Tumor microenvironment : the paradoxical action of fibroblasts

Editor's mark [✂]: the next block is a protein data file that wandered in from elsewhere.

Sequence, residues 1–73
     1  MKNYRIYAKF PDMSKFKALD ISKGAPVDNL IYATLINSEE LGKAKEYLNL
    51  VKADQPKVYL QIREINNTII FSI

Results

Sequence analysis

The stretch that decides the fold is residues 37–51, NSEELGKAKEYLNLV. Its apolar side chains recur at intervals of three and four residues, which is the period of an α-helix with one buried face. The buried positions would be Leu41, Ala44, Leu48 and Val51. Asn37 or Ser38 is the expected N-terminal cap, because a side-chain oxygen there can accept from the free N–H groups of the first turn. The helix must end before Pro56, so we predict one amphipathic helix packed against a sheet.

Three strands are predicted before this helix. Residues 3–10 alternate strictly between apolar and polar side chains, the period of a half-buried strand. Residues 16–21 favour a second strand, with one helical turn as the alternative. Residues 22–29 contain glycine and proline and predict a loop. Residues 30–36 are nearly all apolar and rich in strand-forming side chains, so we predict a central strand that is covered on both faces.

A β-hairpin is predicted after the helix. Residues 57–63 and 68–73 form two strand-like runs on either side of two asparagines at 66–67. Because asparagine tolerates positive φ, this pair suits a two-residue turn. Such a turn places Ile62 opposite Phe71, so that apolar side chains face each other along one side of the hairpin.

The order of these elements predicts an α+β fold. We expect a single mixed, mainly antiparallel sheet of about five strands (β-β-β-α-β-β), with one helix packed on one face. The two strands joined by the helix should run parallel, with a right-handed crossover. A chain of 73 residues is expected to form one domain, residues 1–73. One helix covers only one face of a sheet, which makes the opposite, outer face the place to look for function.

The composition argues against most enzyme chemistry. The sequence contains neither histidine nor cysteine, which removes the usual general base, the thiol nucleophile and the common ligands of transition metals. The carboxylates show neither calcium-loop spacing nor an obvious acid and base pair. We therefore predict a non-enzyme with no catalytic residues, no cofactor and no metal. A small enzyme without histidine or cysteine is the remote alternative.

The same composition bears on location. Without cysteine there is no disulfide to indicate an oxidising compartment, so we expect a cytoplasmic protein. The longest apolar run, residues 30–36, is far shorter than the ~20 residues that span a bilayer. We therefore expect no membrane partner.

Abstract: The term tumor refers to an abnormal and pathological tissue characterized by a massive cell growth; it comprises various populations of transformed and malignant cells. These cells cross-communicate with each other and with different types of cells in the surrounding microenvironment. The nature of communication and interactions within the tumor microenvironment (TME) directs the fate of transformed cells via inducing pro- or antitumorigenic signals. Consequently, these cells will either succeed or fail to progress into a malignant growth phenotype. In the TME, fibroblasts are considered as one of the major cellular compartments and the primary source of non-cellular elements, including the extracellular matrix (ECM) and soluble factors. It has been shown that tumor cells can recruit fibroblasts to induce growth-stimulatory signals. On the other hand, normal fibroblasts may also act as tumor growth repressors. However, these actions have not been thoroughly addressed. The results of this thesis demonstrate the dual functionality of fibroblasts in the TME. First, we examined the phenomenon, whereby the normal fibroblasts inhibit tumor growth and development. We found that fibroblasts reduced tumor cell proliferation and motility through two sets of signals, the first set involved transmembrane proteins and the ECM. The second set was only effective after induction of the first signal, and included soluble factors secreted upon direct contact of the fibroblasts and tumor cells. Next, we uncovered the signaling pathways that were involved in the process of tumor growth inhibition and fibroblasts activation. We revealed a switch in fibroblasts from tumor suppressive cells to ones characterized by tumor stimulatory functions. Genetic ablation of the RhoA gene in fibroblasts significantly reduced tumor cell proliferation and motility in vitro, and induced tumor cell clustering in 3D-collagen matrix. Loosing of the suppressive function was accompanied by gaining a tumor inducing ability, since RhoA deficient fibroblasts enhanced tumor initiation and development by a small number of PC3 prostate cancer cells injected subcutaneously into immunodeficient mice. In addition, knocking out the RhoA gene altered the cytoskeletal organization and reduced αSMA expression in fibroblasts. These changes conferred the cells stiffer but less contractile compared to control cells. Furthermore, upon the crosstalk with tumor cells, the RhoA deficient fibroblasts overexpressed several pro-inflammatory genes encoding for IL6, IL8, CXCL1, CXCL5, and CCL5. Such a biochemical and mechanical shift in the fibroblasts reflected their protumorigenic phenotype. Using patient-derived cancer-associated fibroblasts (CAFs). We demonstrated that CAFs rescued tumor cells from apoptosis and could even enhance their growth under cis-platinum treatment. Beside the molecular mechanistic results, this thesis introduces a comprehensive quantitative live-cell imaging tool to investigate tumor cellfibroblast interactions dynamically, providing the opportunity to measure and observe cellular proliferation, motility, and phenotypic plasticity simultaneously. Taken together, the current thesis uncovers two opposite effects of fibroblasts on tumor growth. These results emphasize the demand for targeting both CAFs and tumor cells to treat and cure cancer patients and may open novel avenues for cancer prevention approaches.
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